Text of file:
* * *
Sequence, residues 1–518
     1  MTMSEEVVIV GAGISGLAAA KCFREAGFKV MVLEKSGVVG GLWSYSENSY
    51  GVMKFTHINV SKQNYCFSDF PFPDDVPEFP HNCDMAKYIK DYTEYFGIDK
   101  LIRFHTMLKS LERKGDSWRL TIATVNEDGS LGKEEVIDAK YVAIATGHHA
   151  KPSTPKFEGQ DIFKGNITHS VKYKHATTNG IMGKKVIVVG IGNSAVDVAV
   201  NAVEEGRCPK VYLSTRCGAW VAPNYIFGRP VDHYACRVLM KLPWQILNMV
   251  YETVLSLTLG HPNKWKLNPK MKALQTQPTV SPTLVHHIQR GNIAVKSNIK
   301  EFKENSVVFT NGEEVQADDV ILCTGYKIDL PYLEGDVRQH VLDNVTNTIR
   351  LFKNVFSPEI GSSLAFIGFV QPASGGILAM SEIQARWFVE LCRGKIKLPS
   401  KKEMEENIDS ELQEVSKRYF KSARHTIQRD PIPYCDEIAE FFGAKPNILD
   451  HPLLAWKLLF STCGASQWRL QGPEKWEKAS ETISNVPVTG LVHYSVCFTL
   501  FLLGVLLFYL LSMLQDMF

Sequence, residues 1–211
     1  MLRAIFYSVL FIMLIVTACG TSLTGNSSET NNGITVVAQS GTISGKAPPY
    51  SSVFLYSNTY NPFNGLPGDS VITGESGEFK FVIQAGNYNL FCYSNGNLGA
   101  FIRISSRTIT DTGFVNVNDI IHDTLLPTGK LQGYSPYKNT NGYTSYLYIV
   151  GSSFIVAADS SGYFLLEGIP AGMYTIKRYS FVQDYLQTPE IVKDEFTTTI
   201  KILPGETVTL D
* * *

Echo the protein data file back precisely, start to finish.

Sequence, residues 1–518
     1  MTMSEEVVIV GAGISGLAAA KCFREAGFKV MVLEKSGVVG GLWSYSENSY
    51  GVMKFTHINV SKQNYCFSDF PFPDDVPEFP HNCDMAKYIK DYTEYFGIDK
   101  LIRFHTMLKS LERKGDSWRL TIATVNEDGS LGKEEVIDAK YVAIATGHHA
   151  KPSTPKFEGQ DIFKGNITHS VKYKHATTNG IMGKKVIVVG IGNSAVDVAV
   201  NAVEEGRCPK VYLSTRCGAW VAPNYIFGRP VDHYACRVLM KLPWQILNMV
   251  YETVLSLTLG HPNKWKLNPK MKALQTQPTV SPTLVHHIQR GNIAVKSNIK
   301  EFKENSVVFT NGEEVQADDV ILCTGYKIDL PYLEGDVRQH VLDNVTNTIR
   351  LFKNVFSPEI GSSLAFIGFV QPASGGILAM SEIQARWFVE LCRGKIKLPS
   401  KKEMEENIDS ELQEVSKRYF KSARHTIQRD PIPYCDEIAE FFGAKPNILD
   451  HPLLAWKLLF STCGASQWRL QGPEKWEKAS ETISNVPVTG LVHYSVCFTL
   501  FLLGVLLFYL LSMLQDMF

Sequence, residues 1–211
     1  MLRAIFYSVL FIMLIVTACG TSLTGNSSET NNGITVVAQS GTISGKAPPY
    51  SSVFLYSNTY NPFNGLPGDS VITGESGEFK FVIQAGNYNL FCYSNGNLGA
   101  FIRISSRTIT DTGFVNVNDI IHDTLLPTGK LQGYSPYKNT NGYTSYLYIV
   151  GSSFIVAADS SGYFLLEGIP AGMYTIKRYS FVQDYLQTPE IVKDEFTTTI
   201  KILPGETVTL D